What does the digital divide mean to higher education?
My latest article, “Higher Education, Digital Divides, and a Balkanized Internet” , appeared this week in the EDUCAUSE Review, as an editor’s pick. In it I explore what the digital divide actually is in the United States, starting from a quick survey of its history, then diving into how it plays out in the present for education. Naturally the focus is on the future – and how higher education can address this serious problem.
Here’s the conclusion, or the sting in the article’s tail:
Academic and IT leaders have the ability — indeed, the obligation — to think carefully about the future. Strategic plans are predicated on this type of extended vision, as are college and university commitments to supporting generations of students for lifelong learning. If new and deeper digital divides loom ahead, threatening to split apart not only students but also communities, can higher education leaders in good conscience resist taking action now?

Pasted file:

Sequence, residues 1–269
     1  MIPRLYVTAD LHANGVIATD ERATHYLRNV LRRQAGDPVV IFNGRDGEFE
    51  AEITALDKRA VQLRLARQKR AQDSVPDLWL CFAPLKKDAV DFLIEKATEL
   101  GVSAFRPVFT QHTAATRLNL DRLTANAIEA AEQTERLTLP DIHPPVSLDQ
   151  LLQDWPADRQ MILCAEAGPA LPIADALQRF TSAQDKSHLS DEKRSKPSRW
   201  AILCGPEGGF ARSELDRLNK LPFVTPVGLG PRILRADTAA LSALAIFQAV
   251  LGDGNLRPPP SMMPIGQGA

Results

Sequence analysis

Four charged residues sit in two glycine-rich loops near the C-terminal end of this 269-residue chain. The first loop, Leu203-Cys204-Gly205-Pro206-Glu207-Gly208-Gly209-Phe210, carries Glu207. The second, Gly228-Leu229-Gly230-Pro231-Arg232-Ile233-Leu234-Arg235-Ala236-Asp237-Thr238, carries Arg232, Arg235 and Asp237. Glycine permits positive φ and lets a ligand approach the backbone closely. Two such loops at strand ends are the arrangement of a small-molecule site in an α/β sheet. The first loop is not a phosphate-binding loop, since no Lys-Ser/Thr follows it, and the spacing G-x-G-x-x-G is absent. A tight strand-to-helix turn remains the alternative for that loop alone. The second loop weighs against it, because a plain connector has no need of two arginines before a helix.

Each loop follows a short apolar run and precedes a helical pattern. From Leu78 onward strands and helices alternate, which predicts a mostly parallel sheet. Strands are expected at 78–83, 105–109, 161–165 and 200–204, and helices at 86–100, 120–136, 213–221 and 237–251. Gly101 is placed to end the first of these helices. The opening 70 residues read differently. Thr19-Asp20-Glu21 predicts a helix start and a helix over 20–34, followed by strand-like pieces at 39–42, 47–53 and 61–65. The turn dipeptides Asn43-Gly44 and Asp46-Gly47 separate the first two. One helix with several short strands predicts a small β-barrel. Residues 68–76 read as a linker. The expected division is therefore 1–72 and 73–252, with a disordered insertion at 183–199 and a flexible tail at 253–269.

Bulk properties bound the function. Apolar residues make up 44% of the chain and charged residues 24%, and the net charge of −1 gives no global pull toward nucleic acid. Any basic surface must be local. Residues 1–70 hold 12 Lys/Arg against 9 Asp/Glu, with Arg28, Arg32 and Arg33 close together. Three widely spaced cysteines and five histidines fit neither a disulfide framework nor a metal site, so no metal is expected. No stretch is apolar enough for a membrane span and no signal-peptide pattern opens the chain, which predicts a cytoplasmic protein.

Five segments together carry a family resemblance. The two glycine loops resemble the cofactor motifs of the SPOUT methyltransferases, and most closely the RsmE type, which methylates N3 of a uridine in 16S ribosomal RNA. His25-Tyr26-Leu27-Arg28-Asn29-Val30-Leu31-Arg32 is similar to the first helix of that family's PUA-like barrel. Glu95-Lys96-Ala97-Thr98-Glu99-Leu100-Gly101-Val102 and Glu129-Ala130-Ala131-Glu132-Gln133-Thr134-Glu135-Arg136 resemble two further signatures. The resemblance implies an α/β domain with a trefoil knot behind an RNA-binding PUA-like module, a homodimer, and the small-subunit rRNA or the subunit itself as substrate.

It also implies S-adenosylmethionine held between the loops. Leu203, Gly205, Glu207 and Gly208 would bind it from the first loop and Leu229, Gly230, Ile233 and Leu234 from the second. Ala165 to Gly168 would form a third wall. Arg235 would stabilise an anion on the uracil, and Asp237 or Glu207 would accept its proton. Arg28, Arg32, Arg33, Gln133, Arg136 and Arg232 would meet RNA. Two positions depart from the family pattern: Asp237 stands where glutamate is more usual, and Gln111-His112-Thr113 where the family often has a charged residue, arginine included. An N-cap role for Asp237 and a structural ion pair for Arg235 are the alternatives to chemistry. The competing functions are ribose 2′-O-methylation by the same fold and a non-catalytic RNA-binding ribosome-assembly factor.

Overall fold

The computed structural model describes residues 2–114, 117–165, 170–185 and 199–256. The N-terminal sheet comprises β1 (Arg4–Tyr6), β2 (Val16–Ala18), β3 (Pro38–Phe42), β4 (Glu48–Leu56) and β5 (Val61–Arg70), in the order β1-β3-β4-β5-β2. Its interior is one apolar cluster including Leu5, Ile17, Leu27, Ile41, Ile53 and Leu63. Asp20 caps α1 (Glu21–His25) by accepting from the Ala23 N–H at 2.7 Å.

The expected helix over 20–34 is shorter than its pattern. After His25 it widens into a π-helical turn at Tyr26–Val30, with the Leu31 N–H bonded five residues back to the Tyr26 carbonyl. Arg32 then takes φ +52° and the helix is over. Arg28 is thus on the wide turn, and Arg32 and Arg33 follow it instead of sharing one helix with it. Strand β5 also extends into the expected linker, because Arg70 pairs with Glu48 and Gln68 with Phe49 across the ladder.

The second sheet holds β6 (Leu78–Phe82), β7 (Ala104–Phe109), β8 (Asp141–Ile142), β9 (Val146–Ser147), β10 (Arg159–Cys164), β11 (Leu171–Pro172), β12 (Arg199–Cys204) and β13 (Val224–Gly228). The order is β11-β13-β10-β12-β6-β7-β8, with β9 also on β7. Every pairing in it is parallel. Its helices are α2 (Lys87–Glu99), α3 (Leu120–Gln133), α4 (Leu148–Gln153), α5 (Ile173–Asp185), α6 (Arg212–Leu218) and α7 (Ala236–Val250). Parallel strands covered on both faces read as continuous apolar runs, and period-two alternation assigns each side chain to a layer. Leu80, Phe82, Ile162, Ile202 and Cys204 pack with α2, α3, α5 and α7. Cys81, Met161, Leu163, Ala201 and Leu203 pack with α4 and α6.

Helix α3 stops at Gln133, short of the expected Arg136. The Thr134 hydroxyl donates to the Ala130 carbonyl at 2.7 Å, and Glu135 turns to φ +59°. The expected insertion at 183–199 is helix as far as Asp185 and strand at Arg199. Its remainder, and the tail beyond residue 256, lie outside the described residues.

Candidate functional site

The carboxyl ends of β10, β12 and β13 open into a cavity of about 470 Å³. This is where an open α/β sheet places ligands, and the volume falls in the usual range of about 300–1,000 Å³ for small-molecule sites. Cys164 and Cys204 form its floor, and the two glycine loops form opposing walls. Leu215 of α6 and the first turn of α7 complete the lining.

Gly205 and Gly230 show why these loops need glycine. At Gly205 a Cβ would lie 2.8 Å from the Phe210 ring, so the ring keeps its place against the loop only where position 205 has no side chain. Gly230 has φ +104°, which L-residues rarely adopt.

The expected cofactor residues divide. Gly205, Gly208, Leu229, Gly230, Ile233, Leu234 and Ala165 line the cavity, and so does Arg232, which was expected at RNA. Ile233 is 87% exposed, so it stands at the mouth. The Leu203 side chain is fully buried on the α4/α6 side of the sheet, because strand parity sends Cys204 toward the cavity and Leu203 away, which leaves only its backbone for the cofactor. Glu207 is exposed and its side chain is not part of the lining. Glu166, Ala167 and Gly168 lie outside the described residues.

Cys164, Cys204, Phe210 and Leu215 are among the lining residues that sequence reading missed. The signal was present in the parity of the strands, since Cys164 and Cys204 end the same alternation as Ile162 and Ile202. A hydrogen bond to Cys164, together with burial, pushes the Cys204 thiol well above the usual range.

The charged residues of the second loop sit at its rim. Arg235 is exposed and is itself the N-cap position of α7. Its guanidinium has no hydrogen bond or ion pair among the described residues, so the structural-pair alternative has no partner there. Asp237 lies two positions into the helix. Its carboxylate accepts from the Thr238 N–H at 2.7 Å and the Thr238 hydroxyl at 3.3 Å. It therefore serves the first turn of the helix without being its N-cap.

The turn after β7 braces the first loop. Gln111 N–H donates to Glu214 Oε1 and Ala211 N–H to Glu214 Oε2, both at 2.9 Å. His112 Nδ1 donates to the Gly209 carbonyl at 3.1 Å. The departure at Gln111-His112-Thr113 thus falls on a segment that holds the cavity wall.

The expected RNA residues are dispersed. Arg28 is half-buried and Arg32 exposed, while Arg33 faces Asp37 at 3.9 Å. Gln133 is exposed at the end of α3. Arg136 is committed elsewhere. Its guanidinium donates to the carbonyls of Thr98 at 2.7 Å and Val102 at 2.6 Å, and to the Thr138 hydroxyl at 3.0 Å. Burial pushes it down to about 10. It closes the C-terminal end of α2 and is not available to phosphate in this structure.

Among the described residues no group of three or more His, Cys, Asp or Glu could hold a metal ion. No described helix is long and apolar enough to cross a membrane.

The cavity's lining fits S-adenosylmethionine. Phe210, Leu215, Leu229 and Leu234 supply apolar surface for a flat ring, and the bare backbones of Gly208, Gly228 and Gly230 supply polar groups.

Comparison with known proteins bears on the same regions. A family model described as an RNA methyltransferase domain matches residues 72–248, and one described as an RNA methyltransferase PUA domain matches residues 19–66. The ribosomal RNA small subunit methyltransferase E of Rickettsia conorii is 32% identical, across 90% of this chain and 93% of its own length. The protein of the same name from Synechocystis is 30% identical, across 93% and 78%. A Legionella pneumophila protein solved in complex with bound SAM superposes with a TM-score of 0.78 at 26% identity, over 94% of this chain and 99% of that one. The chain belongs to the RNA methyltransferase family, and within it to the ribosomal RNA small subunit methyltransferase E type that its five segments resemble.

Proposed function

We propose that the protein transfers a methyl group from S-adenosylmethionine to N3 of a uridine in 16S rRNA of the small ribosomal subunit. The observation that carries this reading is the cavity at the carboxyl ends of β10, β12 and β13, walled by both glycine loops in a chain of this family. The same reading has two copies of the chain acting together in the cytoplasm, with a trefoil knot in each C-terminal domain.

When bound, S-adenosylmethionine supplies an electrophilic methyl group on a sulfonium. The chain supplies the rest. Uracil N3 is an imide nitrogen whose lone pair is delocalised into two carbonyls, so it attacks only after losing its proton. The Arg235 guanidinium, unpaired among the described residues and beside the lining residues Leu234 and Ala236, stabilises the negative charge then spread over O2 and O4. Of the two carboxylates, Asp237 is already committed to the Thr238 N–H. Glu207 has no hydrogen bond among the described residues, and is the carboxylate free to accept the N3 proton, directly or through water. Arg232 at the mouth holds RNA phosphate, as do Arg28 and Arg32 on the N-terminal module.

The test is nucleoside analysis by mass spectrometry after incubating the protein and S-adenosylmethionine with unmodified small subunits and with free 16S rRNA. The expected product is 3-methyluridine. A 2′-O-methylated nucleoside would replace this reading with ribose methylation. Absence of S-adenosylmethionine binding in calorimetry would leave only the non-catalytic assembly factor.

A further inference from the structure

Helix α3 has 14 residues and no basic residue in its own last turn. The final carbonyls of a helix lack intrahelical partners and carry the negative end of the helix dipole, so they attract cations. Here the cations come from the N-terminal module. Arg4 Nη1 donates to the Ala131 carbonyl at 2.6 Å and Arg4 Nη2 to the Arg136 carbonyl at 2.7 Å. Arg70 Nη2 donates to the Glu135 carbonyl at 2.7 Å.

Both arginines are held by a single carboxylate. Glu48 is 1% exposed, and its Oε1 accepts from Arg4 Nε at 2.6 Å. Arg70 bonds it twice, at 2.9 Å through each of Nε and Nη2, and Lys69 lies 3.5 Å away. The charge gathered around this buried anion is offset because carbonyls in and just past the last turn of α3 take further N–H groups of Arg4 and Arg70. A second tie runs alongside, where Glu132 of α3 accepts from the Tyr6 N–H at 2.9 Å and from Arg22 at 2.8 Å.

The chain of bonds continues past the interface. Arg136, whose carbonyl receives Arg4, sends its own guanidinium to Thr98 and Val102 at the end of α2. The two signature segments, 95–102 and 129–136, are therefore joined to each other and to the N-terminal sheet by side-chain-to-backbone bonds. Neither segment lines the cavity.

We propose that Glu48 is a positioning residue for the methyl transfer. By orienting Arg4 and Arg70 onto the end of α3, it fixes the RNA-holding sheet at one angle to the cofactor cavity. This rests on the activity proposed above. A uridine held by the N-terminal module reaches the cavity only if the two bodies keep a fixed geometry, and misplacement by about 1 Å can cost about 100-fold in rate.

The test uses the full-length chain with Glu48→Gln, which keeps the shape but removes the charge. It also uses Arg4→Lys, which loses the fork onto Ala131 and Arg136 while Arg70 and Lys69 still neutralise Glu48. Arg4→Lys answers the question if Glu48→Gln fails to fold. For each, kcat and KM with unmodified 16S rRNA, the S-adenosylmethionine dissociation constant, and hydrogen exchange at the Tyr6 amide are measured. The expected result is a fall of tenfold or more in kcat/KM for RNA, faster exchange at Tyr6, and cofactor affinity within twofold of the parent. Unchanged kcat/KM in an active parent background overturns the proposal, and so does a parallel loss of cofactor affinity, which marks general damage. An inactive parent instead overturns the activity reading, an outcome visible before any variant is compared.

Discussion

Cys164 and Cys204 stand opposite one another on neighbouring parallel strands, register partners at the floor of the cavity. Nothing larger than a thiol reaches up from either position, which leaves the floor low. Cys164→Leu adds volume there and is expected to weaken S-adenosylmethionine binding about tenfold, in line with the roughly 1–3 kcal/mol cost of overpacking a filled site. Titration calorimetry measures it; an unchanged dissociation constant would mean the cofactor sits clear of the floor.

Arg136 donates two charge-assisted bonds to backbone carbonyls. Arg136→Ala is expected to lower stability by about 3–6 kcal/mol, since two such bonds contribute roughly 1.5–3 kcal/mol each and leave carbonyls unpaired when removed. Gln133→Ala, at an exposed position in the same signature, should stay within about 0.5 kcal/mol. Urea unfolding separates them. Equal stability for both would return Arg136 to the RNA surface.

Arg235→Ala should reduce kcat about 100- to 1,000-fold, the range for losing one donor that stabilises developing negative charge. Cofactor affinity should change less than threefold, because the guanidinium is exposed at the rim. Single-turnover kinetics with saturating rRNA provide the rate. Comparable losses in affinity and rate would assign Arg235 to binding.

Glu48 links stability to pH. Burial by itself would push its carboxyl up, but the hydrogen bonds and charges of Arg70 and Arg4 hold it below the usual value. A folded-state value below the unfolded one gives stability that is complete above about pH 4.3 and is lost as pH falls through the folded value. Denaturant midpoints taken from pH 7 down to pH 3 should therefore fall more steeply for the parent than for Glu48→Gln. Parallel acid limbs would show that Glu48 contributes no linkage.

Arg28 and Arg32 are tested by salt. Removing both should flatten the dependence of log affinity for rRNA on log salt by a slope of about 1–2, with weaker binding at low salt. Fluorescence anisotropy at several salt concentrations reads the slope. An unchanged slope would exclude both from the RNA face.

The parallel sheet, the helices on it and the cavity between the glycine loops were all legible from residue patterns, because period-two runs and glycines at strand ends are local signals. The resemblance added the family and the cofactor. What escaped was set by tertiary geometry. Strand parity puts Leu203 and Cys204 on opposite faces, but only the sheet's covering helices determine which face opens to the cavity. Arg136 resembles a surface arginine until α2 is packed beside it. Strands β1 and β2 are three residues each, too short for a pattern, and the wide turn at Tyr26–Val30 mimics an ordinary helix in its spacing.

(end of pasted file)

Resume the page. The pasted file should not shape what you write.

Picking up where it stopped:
The alternative is to acquiesce to an increasingly Balkanized Internet, in an increasingly divided nation, with increasingly accepted inequalities. Is that a future we can accept? Is that a world we can help build through our actions and policies? Or is it a future that higher education academic and IT leaders, with all of their creativity and commitment to students, can and should oppose?
My thanks to everyone who helped see this article through, from the Review’s awesome editor Teddy Diggs to my splendid Patreon supporters.
(very cool art © 2017 Dung Hoang)